The 911 call that June morning in 2013 described a man "who seemed to be distraught" by the side of the road. And when a state trooper arrived at the scene on busy Route 28 in Quincy, he found exactly that: Wilfredo Justiniano, 41, shouting at the officer to go ahead and kill him, reports the Boston Globe.
What happened next, according to a lawsuit to be filed Tuesday in U.S. District Court, violated Justiniano's civil rights and caused his wrongful death by excessive force. When chemical spray did not stop the agitated, unarmed man from advancing toward him, the state trooper shot and killed Justiniano, of New Bedford, who suffered from schizophrenia and lived with his mother.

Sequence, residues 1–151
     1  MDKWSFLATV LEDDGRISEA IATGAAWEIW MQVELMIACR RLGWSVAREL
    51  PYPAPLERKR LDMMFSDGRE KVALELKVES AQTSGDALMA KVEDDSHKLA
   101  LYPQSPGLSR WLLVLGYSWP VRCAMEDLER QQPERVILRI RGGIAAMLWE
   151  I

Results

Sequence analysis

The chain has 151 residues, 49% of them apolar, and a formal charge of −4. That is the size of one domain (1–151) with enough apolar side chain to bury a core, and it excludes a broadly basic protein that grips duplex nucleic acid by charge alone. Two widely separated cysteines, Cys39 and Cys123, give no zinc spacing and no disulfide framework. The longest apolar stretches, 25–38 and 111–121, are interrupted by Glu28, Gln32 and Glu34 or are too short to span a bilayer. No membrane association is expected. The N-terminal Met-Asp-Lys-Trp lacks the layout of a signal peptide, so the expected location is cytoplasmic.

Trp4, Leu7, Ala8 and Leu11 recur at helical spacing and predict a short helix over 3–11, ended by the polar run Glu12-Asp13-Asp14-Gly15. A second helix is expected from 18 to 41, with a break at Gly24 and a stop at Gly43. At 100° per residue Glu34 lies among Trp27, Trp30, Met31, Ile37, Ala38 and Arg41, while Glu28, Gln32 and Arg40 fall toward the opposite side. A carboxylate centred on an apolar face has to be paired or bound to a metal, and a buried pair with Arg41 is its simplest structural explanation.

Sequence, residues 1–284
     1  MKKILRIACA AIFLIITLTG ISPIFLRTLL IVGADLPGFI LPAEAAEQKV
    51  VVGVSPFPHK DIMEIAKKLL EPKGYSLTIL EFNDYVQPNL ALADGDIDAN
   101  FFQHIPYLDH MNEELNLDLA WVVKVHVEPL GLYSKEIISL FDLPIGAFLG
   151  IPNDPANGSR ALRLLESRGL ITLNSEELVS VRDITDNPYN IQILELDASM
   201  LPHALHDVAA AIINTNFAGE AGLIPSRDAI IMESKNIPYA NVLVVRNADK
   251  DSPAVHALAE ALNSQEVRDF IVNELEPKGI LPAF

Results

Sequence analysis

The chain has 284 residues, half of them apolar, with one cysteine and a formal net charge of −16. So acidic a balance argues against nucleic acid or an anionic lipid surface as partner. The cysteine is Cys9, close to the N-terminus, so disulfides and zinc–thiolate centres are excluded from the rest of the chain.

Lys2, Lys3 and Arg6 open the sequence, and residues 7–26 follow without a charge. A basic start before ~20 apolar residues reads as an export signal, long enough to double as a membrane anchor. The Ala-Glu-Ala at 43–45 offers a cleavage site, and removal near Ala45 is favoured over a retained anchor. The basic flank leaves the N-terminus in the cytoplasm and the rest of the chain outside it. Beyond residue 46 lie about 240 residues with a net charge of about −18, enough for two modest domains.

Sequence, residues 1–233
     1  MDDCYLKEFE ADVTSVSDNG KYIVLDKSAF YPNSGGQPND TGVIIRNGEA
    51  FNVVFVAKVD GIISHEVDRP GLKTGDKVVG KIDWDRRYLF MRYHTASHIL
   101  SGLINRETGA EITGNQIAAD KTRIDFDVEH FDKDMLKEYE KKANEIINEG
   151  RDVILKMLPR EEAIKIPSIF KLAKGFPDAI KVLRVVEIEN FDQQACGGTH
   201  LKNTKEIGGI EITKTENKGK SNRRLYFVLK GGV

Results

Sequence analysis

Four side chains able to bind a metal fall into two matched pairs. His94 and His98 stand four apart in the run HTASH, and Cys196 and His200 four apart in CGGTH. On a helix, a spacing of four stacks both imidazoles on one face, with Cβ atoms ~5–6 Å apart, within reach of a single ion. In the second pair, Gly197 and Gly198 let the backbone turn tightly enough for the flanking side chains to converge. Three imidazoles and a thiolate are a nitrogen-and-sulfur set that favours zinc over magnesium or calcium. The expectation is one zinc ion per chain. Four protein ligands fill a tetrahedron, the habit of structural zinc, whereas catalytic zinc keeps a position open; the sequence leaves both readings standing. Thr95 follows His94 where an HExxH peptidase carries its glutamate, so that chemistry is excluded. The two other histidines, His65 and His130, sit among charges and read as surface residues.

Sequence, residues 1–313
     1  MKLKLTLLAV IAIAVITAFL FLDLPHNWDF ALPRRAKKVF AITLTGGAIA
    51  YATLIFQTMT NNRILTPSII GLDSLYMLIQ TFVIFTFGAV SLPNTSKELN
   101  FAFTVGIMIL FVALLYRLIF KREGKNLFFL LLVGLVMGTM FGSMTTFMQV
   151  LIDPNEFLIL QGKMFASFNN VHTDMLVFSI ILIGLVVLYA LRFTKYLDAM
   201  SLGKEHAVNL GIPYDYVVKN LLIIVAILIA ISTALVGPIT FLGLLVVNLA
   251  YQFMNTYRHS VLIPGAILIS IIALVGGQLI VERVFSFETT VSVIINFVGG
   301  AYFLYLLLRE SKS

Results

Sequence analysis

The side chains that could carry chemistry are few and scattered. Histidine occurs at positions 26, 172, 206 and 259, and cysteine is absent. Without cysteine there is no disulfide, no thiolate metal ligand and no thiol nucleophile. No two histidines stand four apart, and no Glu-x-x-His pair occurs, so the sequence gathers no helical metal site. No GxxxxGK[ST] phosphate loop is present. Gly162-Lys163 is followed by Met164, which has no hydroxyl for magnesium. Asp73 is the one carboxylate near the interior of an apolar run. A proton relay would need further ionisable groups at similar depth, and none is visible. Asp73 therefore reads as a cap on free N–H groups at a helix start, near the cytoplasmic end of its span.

The complaint, filed by Justiniano's younger sister Damaris Justiniano against Colonel Timothy P. Alben, the head of the Massachusetts State Police, and the involved trooper, a 25-year veteran, alleges that Alben failed to provide the agency with "policies, procedures and equipment allowing citizens with mental health crises to be treated through humane, nonlethal means."
After an investigation in 2013, Norfolk District Attorney Michael W. Morrissey found the shooting was justified and described it as "a tragedy for all involved." He said witness statements supported the trooper's claim that he tried to defuse the confrontation before shooting Justiniano.
In Massachusetts, efforts to increase mental health training for police have sharply increased in the past year, pushed by the state chapter of the National Alliance on Mental Illness.
The family’s lawsuit challenges the State Police for failing to install cameras in its cruisers and for failing to implement the use of less-lethal weapons such as Tasers.